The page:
Cutting Ball's docudrama Tenderloin explores its own backyard
THEATER A couple of days after the opening of the Cutting Ball's documentary play, Tenderloin, I spotted independent filmmaker Rob Nilsson crossing the street at Taylor and Eddy, less than a block from the theater. Drawn to the neighborhood and its residents for decades, Nilsson is one of the more prominent artists who have found inspiration, collaboration and a kind of authenticity in the Tenderloin, long among San Francisco's poorest and liveliest districts.
Director-writer Annie Elias and her Tenderloin team continue this tradition, with a clear concern to do right by their subjects (among whom happens to be Nilsson himself, played by actor Tristan Cunningham). The action emerges from an opening tableau of street life, featuring the colorful sights and harrying sounds of a rowdy inner-city intersection (nicely augmented by sound designer Matt Stines). Upstage rises scenic designer Michael Locher's ceiling-high mound of furniture and bric-a-brac, which is fronted by two rows of hanging photographs, loving portraits of local people and places whose panels double as projection screens establishing context for each of the scenes that follow.
The play presents a spectrum of Tenderloin denizens whose stories reflect the dire straits normally associated with this congested low-income slice of downtown, but also the sense of freedom and community some have found there. We hear from the desperate and lonely but even more often from people who have grown to prefer the Tenderloin to more stifling environs.
That positive note lands too forcefully at times, especially when it comes from relatively privileged members of the commuting class (the plugging of the neighborhood by some middle-class patrons at the Nite Cap bar, for instance, begins to sound a little like an ad from the visitors bureau), or professional advocates like Reverend Karen Oliveto (played by Leigh Shaw) at Glide Memorial Church.
By contrast, the play excels when the voices are both genuinely local and agenda-free, as is the case with the story by a man from Sixth Street who haplessly agrees to accept responsibility for a newborn baby from an acquaintance on her way to jail (a story as charming and resonant as a well-crafted short story, and beautifully recreated by actor Michael Kelly).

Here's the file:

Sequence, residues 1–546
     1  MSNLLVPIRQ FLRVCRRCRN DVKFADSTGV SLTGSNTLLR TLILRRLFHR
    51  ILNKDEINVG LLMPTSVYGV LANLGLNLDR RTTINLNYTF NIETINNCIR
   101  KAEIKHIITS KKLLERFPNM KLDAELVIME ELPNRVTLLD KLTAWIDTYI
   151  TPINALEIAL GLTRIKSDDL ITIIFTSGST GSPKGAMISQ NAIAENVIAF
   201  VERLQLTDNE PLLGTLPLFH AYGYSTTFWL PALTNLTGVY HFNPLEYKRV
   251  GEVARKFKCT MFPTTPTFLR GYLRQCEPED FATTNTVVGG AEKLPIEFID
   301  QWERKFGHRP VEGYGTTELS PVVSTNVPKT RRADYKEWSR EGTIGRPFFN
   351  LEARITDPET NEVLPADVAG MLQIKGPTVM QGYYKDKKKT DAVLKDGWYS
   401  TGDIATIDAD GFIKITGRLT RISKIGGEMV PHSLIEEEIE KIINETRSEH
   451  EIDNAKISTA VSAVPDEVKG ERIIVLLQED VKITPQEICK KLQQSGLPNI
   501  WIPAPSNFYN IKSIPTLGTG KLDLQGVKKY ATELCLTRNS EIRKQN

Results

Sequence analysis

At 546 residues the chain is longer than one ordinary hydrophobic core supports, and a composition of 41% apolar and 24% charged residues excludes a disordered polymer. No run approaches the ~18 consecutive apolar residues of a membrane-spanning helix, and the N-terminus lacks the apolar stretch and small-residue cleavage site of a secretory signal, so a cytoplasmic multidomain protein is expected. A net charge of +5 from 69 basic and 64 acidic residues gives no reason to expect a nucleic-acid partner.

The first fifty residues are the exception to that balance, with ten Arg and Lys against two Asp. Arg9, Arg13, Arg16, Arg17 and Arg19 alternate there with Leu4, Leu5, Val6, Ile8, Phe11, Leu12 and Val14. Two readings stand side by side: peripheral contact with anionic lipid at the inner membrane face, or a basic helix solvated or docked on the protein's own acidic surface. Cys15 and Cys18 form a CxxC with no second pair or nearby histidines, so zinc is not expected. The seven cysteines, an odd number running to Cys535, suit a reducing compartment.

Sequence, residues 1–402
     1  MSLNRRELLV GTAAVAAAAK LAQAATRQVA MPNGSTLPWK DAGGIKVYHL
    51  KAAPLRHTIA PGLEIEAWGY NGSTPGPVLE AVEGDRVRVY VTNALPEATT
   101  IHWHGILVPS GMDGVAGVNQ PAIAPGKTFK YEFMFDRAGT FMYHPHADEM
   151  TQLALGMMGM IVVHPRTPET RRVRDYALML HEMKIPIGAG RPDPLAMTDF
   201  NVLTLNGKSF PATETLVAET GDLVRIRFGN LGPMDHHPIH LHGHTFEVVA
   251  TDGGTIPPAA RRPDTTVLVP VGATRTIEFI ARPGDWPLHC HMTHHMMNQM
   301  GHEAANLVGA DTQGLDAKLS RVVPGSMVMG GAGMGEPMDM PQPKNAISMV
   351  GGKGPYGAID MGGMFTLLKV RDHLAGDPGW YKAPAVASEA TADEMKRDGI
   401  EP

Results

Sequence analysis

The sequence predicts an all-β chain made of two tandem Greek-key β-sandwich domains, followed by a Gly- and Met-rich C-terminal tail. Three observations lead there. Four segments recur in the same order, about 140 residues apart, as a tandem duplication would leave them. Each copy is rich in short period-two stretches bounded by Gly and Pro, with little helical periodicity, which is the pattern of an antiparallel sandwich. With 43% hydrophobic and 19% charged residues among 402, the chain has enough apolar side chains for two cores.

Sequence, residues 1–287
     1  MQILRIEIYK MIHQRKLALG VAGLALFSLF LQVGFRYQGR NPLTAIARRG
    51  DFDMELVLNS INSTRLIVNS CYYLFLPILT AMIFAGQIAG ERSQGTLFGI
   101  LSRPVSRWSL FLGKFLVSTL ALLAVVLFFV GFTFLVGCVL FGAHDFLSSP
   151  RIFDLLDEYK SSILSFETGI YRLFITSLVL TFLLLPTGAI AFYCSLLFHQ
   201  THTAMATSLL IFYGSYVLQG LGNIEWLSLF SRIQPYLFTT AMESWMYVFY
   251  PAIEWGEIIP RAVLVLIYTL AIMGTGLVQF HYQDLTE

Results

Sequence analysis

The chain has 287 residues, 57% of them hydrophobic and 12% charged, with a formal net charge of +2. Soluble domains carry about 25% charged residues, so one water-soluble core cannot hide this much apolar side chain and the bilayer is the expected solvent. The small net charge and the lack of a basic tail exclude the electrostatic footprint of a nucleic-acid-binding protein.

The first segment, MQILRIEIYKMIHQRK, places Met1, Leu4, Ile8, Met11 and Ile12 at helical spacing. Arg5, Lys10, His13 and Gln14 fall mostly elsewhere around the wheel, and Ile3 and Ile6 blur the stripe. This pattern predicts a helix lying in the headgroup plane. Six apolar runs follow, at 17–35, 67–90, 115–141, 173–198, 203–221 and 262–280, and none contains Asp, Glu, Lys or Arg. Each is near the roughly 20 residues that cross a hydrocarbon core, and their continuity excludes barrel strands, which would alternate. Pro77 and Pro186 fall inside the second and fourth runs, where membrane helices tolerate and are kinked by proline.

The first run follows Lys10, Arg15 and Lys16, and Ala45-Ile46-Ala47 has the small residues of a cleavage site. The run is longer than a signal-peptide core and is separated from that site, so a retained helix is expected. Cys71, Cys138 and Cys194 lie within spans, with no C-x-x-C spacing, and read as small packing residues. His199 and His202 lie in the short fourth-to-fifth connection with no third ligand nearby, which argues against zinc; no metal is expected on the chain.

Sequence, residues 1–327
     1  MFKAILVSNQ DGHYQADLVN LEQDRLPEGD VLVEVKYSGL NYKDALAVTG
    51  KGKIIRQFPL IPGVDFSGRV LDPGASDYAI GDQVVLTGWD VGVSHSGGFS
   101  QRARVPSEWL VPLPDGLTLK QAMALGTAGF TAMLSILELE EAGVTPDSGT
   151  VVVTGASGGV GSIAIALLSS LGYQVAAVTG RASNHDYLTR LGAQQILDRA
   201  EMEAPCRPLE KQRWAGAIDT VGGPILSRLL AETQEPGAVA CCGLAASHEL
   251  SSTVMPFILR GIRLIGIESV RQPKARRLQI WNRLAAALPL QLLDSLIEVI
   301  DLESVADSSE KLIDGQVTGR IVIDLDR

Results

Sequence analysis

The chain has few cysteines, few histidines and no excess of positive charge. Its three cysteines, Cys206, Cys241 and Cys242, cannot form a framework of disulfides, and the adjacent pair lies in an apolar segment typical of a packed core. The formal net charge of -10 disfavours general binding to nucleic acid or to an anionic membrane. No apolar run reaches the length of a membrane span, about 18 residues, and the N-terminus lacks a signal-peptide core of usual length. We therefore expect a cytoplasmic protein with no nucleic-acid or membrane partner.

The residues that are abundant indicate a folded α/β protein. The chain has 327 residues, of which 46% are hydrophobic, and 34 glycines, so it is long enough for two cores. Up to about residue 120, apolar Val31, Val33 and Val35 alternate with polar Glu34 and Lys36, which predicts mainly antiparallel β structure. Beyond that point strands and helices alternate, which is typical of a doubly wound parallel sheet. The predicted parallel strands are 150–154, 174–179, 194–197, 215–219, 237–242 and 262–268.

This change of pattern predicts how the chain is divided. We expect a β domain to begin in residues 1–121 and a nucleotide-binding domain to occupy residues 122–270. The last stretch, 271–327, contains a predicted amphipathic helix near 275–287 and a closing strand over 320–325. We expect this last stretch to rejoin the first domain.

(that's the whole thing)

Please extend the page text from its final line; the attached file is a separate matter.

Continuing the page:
A set of discrete interviews naturally runs the risk of becoming an aimless narrative, especially without a single dramatic episode or storyline at the center (as is the case with the better-known works in the docudrama genre, such as Tectonic Theater's The Laramie Project). Elias sets out to mitigate this problem in several ways, first of all by casting well — in terms of both the selection of interview subjects and the delicate portrayals marshaled by her exceptional ensemble of actor-documentarians (aided by additional writing from David Westley Skillman).
In addition to Michael Kelly's standout performance throughout, Rebecca Frank does particularly subtle work with a number of memorable personalities, including Leroy B. Looper, the (recently deceased) owner of the Cadillac Hotel, who appears here with wife and longtime business partner Kathy (played gracefully by David Sinaiko). (Siobhan Doherty rounds out the production's admirable ensemble.)
Elias also relies on dynamic staging, often setting a couple of interviews in alternating tension with one another, a technique that generally serves the production well — as in a sly point-counterpoint between former Tenderloin police captain Gary Jimenez (Kelly) and a homeless person (Cunningham) — even if some scenes prove unnecessarily busy.
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